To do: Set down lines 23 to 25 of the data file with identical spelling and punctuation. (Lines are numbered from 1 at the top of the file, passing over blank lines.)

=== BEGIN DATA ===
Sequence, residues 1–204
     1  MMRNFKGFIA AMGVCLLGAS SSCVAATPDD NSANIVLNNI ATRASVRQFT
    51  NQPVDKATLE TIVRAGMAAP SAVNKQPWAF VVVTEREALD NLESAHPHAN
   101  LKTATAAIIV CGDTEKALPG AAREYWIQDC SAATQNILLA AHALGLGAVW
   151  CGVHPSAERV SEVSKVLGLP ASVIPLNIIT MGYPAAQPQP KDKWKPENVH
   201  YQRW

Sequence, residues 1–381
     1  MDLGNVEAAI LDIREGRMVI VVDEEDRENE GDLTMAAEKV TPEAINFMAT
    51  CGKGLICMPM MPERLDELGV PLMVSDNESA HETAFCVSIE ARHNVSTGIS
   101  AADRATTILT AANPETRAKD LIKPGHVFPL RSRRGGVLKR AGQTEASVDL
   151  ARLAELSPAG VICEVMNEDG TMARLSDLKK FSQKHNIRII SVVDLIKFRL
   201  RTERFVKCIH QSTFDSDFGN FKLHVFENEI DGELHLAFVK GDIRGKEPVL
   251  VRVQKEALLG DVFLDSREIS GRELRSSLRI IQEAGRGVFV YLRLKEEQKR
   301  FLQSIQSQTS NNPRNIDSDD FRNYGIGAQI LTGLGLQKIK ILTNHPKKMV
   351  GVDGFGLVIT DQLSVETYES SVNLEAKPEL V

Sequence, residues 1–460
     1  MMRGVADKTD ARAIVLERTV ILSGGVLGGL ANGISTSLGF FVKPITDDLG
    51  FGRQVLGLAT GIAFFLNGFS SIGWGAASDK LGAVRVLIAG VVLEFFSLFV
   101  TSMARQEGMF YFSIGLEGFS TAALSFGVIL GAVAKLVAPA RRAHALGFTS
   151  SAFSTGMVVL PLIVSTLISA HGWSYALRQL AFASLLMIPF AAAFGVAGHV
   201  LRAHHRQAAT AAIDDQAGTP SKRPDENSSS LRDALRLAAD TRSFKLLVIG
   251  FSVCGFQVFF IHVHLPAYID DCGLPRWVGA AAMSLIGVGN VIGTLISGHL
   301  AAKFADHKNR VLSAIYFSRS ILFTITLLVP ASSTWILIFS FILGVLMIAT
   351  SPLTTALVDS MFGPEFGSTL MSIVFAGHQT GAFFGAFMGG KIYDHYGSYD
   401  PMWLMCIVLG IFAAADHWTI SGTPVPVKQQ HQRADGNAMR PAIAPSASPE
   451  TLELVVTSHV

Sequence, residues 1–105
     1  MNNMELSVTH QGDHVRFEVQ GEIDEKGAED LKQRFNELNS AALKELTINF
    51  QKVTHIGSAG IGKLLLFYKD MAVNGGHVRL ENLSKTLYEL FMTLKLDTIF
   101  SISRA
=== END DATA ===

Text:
   301  AAKFADHKNR VLSAIYFSRS ILFTITLLVP ASSTWILIFS FILGVLMIAT
   351  SPLTTALVDS MFGPEFGSTL MSIVFAGHQT GAFFGAFMGG KIYDHYGSYD
   401  PMWLMCIVLG IFAAADHWTI SGTPVPVKQQ HQRADGNAMR PAIAPSASPE